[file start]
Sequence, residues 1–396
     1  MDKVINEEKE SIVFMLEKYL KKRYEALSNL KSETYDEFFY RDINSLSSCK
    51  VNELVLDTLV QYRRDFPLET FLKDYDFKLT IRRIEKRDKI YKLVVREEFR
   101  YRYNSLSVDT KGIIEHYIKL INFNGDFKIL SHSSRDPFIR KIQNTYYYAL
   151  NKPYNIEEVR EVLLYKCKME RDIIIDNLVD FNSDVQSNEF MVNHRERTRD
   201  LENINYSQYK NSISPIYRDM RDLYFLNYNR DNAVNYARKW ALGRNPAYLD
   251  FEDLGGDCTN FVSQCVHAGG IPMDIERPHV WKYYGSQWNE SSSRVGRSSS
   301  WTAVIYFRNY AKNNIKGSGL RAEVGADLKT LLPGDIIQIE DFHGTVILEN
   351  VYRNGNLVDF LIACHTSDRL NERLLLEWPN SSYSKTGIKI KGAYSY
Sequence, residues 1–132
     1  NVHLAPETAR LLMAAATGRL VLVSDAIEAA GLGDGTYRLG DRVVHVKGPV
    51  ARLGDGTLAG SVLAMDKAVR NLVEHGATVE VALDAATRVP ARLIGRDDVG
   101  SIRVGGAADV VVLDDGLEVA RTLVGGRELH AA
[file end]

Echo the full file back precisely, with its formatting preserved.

Sequence, residues 1–396
     1  MDKVINEEKE SIVFMLEKYL KKRYEALSNL KSETYDEFFY RDINSLSSCK
    51  VNELVLDTLV QYRRDFPLET FLKDYDFKLT IRRIEKRDKI YKLVVREEFR
   101  YRYNSLSVDT KGIIEHYIKL INFNGDFKIL SHSSRDPFIR KIQNTYYYAL
   151  NKPYNIEEVR EVLLYKCKME RDIIIDNLVD FNSDVQSNEF MVNHRERTRD
   201  LENINYSQYK NSISPIYRDM RDLYFLNYNR DNAVNYARKW ALGRNPAYLD
   251  FEDLGGDCTN FVSQCVHAGG IPMDIERPHV WKYYGSQWNE SSSRVGRSSS
   301  WTAVIYFRNY AKNNIKGSGL RAEVGADLKT LLPGDIIQIE DFHGTVILEN
   351  VYRNGNLVDF LIACHTSDRL NERLLLEWPN SSYSKTGIKI KGAYSY
Sequence, residues 1–132
     1  NVHLAPETAR LLMAAATGRL VLVSDAIEAA GLGDGTYRLG DRVVHVKGPV
    51  ARLGDGTLAG SVLAMDKAVR NLVEHGATVE VALDAATRVP ARLIGRDDVG
   101  SIRVGGAADV VVLDDGLEVA RTLVGGRELH AA